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Painful Menstruation? You Might Have Endometriosis

By Njideka Agbo 15 December 2017   |   11:00 am

Do you feel like your waist is on fire during your menstrual period? Experience pain during sexual intercourse? Complain of serious abdominal pain before your period begins? Feel extremely tired or nauseous during your period? Can’t stand the pain when urinating during your menstrual cycle?

If you answered yes to more than three, then continue with the follow-up questions:

Did you start menstruating at an early age? Do you menstruate more than once in a month? Do you consume alcohol? Do you experience an abnormal flow of blood during your menstrual cycle?

If you answered yes to any of these, you might be suffering from endometriosis (pronounced as en-doe-me-tree-O-sis).

Endometriosis is a gynecological condition in which the lining of the uterus, the endometrium, grows outside of the uterus and attaches itself to another part of the body. This leaves the blood which is supposed to flow out captured thereby causing pain in the pelvic area.

Former Miss Nigeria and talk show host, Chief Nike Oshinowo, once disclosed that she passed out and spent 10 days in the hospital because of the pain.

Endometriosis occurs in one out of 10 women. This group of women often have difficulties getting pregnant. Although this condition is often attributed to witchcraft in our part of the world, research has shown that there is no known cause of endometriosis. Unfortunately, it cannot be detected through ultrasound but through laparoscopy (a surgical procedure done to know what problems are in the abdomen using the aid of a camera) after the sufferer has been put to sleep.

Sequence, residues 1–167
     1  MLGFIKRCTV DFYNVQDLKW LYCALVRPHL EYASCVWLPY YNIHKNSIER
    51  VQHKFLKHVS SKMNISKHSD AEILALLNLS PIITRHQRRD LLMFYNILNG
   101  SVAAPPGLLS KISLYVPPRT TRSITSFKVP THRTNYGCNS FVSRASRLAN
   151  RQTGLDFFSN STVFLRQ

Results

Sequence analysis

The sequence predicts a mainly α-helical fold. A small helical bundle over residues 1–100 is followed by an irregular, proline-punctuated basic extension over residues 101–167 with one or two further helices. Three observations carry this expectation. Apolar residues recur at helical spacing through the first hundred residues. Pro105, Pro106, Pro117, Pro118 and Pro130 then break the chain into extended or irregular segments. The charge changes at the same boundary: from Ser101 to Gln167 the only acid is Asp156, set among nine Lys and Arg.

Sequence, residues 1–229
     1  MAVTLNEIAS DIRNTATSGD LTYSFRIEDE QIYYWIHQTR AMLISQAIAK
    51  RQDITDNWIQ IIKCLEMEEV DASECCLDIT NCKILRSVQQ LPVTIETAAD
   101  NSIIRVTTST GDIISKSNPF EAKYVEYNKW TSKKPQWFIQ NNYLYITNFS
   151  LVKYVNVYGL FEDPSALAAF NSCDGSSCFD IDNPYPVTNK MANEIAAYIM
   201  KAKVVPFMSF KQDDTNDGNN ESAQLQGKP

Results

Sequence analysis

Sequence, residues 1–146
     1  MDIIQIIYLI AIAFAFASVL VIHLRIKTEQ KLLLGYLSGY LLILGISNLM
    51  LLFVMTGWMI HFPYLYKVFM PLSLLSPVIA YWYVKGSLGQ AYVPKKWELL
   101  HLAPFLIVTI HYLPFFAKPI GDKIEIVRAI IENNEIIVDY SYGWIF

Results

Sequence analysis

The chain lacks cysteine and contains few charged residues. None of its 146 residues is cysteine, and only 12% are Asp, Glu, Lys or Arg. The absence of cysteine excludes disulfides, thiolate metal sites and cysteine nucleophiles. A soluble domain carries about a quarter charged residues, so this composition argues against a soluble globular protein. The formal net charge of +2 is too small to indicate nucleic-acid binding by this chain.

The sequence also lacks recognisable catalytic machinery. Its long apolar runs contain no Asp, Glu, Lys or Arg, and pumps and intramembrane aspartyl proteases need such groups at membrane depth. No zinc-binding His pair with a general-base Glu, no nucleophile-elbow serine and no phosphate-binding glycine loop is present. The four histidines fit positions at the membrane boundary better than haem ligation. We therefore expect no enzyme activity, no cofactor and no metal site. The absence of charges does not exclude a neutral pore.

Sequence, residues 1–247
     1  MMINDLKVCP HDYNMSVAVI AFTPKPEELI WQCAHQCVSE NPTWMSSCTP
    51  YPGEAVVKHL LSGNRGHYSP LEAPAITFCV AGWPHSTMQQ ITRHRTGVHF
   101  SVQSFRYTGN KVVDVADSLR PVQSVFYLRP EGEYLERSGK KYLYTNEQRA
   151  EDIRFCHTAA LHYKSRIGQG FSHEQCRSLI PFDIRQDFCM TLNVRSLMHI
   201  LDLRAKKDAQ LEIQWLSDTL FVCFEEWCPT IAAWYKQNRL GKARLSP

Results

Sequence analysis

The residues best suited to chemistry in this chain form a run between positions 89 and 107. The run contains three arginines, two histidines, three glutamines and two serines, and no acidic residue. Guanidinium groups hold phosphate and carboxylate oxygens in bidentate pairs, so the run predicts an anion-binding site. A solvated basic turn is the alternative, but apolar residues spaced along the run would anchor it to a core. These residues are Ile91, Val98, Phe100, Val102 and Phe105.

Oshinowo has been vocal about suffering from endometriosis.

However, symptoms of this gynecological condition are obvious during one’s reproductive years and ends during menopause.

Identical twins and those who have someone in their family line with endometriosis are at a higher risk of having this condition. Thankfully, medical science has developed several means of managing the condition. It is important to state here that not all pain (dysmenorrhea) experienced during your menstrual cycle is a sign that you have endometriosis; it could be your body sending a signal hence the need to consult a medical practitioner.

Having endometriosis is not the end of the world and we are grateful that Nike Oshinowo has proven this true.

In this article:
EndometroisisNjideka Agbo

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